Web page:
|Publication number||US5577468 A|
|Application number||US 08/244,338|
|Publication date||Nov 26, 1996|
|Filing date||Nov 29, 1991|
|Priority date||Nov 29, 1991|
|Also published as||DE69122411D1, DE69122411T2, EP0614507A1, EP0614507B1, WO1993011345A1|
|Publication number||08244338, 244338, PCT/1991/8886, PCT/US/1991/008886, PCT/US/1991/08886, PCT/US/91/008886, PCT/US/91/08886, PCT/US1991/008886, PCT/US1991/08886, PCT/US1991008886, PCT/US199108886, PCT/US91/008886, PCT/US91/08886, PCT/US91008886, PCT/US9108886, US 5577468 A, US 5577468A, US-A-5577468, US5577468 A, US5577468A|
|Inventors||J. Roger Weber|
|Original Assignee||Caterpillar Inc.|
|Export Citation||BiBTeX, EndNote, RefMan|
|Patent Citations (35), Referenced by (65), Classifications (7), Legal Events (4)|
|External Links: USPTO, USPTO Assignment, Espacenet|
Hydraulically actuated engine poppet valves, and more particularly, hydraulically actuated engine poppet valves having a hydraulic snubber for decelerating the valve during valve closing to an acceptable impact velocity before the valve contacts the valve seat.
Engine combustion chamber valves are almost universally of a poppet type. A number of means exist for opening such valves including a cam on a rotating cam shaft, hydraulic pressure, electromagnetics, and others. Hydraulically actuated valves are typically spring loaded toward a valve-closed position and opened against the spring bias by the hydraulic pressure.
Because the valve should open and close very quickly, the spring is typically very stiff and is loaded to a high force under the relatively high hydraulic pressure needed to open the valve quickly against the high internal pressures of the combustion chamber. Therefore, when the valve closes, it impacts the valve seat at velocities that can create forces which eventually erode the valve or the valve seat or even fracture or break the valve.
Therefore, it is an object of the present invention to provide a means whereby the valve will be slowed or snubbed as it nears the valve seat so that the valve seats at an acceptable velocity.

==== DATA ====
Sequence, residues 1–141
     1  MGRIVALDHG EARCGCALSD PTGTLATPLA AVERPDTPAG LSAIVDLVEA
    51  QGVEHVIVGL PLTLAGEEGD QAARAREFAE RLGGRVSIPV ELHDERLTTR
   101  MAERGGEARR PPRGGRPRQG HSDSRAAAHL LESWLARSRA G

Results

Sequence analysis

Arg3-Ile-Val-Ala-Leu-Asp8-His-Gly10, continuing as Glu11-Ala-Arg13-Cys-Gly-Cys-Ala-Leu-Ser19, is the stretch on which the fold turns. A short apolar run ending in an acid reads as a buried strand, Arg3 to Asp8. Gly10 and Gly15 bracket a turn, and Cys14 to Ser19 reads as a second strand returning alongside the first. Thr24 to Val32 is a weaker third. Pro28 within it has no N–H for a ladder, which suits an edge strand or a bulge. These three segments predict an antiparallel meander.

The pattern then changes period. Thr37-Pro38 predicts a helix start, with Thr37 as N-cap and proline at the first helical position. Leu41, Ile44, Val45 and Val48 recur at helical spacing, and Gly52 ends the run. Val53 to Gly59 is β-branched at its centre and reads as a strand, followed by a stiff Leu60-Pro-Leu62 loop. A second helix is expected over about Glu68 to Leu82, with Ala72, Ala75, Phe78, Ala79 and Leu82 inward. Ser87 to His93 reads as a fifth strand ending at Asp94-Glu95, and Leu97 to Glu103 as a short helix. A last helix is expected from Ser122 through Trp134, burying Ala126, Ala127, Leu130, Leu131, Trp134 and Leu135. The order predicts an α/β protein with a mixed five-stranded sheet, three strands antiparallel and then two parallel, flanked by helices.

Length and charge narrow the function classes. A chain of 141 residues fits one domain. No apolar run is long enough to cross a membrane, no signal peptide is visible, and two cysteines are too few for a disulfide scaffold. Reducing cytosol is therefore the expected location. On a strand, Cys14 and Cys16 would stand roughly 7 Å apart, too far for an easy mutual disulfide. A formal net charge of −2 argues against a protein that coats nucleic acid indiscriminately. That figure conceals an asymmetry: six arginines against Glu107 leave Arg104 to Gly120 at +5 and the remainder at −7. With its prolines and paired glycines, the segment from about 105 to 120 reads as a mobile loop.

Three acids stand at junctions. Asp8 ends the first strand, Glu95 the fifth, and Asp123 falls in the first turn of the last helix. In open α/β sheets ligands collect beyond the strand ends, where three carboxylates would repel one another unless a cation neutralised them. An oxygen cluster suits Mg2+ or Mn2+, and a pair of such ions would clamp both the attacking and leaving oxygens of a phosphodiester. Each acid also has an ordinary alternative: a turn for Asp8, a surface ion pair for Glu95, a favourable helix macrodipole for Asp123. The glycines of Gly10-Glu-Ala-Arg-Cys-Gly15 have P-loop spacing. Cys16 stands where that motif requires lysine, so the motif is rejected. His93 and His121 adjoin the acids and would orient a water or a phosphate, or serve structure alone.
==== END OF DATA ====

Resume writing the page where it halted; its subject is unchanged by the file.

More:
It is an additional object of the present invention to provide a hydraulically actuated poppet valve having a snubbing valve positioned upstream therefrom, wherein the snubbing valve restricts fluid flow exiting the hydraulic cavity between the engine valve and the snubbing valve as the engine valve closes, thereby slowing the engine valve to an acceptable impact velocity.
In a first aspect of the present invention, a system is provided for opening an engine valve by hydraulic force and for slowing the engine valve by hydraulic force to an acceptable impact velocity when the engine valve closes. The engine valve is biased towards its closed position by a return spring. A rail communicates high pressure fluid to a first end of the engine valve for opening the engine valve against the spring bias force. Situated between the rail and the first end of the engine valve is a snubbing valve. The snubbing valve and its surrounding structures are adapted to allow relatively unrestricted flow of the high pressure fluid from the rail to the first end of the engine valve to quickly open the engine valve.
When the engine valve is to return to its closed position, communication of the high pressure fluid with the rail is ceased. The force of the return spring then causes the engine valve to return towards its closed position. The snubbing valve and its surrounding structures are also adapted to then restrict the flow of fluid from the cavity between the snubbing valve and the first end of the engine valve to a rate that will maintain hydraulic pressure in the cavity adequate to slow the engine valve to an acceptable impact velocity as it closes.
In a preferred embodiment, the snubbing valve includes a check displaceable between a first seat and a second seat. When high pressure fluid is in the rail, the check seats against the first seat and the check and first seat are adapted to allow relatively unrestricted flow of the fluid to the first end of the engine valve. When communication of the high pressure fluid to the rail ends, the differential hydraulic pressure between the relatively high pressure fluid still in the cavity between the snubbing valve and the first end of the engine valve and the relatively low pressure fluid now in the rail causes the check to seat against the second seat. The check and the second seat are adapted to then restrict the flow of fluid being essentially pumped out of the cavity by the return of the engine valve to a rate that will maintain hydraulic pressure in the cavity adequate to slow the engine valve to an acceptable impact velocity.
In a second aspect of the present invention, a method for performing the above described functions is provided.